had thought that every possible combination of plots concerning the
relationship between foreign men and Thai bargirls had already been covered.
A quick browse through your favorite bookstore will attest to this, so when
Monsoon Books sent me Stage IV by Erich R. Sysak (ISBN
978-981-08-5435-5, Monsoon, 2011), I was loathe to open it. I have read too
many of the genre. However, the back cover was so full of new slants to the
old situation, that I opened it after all.
The plot revolves around ‘viatication’, a new one on me,
whereby people sell their life insurance benefits to the highest bidder
before they die, and the new owner collects when the person expires. Looks
like a win-win situation all round when you at least get to spend some of
your own insurance.
The book now brings in the main characters, revolving
around Lawson Banks, a man with a Stage IV cancer, which we are told means
that he will die soon. He sells his life insurance, pockets the money and
comes to Hua Hin in Thailand where he eventually settles in with a bargirl
called Benz. However, the lifestyle seems to have been good for him. After
seven years he is still alive, despite his Stage IV cancer, which in theory
gave him a life expectancy measured in months, and not years.
One should feel happy for someone like this, but there
were those who were not so thrilled - the trio who bought the rights to the
payout on death. They had provided a lump sum, and were now waiting to
collect three million USD, but now after waiting eight years, their patience
was wearing more than a little thin.
Author Sysak does a good job in describing the three ex-school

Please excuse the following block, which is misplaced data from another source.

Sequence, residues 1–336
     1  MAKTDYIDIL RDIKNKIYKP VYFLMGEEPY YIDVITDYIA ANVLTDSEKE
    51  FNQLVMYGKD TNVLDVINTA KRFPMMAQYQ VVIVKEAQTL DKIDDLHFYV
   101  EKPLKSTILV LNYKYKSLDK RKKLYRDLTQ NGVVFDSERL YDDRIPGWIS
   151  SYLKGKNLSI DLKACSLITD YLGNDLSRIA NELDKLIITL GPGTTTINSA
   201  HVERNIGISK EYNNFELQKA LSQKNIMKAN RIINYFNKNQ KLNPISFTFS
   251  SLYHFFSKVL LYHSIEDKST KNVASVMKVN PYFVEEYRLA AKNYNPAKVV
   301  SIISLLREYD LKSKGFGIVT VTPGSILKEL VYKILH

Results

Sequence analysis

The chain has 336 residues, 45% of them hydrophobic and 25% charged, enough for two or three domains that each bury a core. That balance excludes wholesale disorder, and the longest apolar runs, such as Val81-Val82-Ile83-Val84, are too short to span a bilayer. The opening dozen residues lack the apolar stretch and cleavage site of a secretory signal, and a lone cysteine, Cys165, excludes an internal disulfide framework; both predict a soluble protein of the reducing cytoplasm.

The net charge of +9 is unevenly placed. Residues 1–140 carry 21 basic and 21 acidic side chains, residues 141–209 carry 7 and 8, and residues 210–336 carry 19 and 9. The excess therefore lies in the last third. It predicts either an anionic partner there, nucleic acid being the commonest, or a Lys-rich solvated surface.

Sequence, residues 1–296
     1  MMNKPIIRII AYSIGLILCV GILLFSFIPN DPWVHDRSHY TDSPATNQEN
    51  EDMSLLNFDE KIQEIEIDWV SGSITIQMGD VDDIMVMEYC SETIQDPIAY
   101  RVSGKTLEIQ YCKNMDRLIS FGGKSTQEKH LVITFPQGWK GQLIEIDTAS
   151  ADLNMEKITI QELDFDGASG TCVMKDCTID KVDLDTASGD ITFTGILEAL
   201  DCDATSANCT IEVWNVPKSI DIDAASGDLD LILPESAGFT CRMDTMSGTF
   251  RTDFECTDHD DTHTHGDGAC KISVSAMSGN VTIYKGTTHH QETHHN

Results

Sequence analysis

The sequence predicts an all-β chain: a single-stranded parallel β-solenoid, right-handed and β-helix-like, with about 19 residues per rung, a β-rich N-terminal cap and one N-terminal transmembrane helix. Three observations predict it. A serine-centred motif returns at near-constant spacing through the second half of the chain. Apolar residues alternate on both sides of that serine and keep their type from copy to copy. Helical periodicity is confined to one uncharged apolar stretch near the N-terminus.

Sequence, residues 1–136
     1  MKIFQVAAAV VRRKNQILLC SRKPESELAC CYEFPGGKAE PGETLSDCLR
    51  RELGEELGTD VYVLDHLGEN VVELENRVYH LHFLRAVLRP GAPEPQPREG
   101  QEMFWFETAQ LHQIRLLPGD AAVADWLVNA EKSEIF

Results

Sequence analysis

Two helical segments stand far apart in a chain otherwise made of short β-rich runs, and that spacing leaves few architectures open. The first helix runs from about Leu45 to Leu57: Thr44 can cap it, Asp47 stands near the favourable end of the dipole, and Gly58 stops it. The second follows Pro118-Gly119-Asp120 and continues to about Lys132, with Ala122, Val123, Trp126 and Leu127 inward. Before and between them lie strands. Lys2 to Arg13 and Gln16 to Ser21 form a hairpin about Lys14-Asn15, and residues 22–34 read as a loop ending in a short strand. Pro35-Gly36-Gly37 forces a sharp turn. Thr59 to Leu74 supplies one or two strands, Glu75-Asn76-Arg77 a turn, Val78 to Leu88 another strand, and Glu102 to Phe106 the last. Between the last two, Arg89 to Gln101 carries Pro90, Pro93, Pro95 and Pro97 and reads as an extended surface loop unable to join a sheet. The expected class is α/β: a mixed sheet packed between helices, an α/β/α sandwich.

mates in the viatication scheme, with Keller, the lawyer, the one with the
least scruples, if any at all. “He was perfectly willing to commit crimes in
order to get ahead, to get rich. If only he knew how.” That “how” came when
he was offered a part in the three way gamble on other people’s futures.
When it came down to the realization that millions of
dollars were awaiting them if Lawson Banks would only die, it is Keller who
undertakes to finalize the insurance policy.
Having arrived in Thailand, Keller then goes looking for
Lawson to administer the coup de grace, but then finds there are other
assassins looking for Lawson. In the interim, Lawson is spending time
avoiding being killed and then wondering just who it is that wants him dead,
and double guessing himself at the same time.
A very different slant on the Thai-Farang equation, but
one that does show some of the essential differences between the two ethnic
groups. Towards the end of the book, Lawson muses, “He’d forgiven Benz for
everything and anything because she was more than a lover and a caregiver;
she was a great friend he would never fully understand.” And that almost
describes most successful Thai-Farang associations.
It is available from Asia Books, Bookazine and Kinokuniya
stores and the list price is $15.95.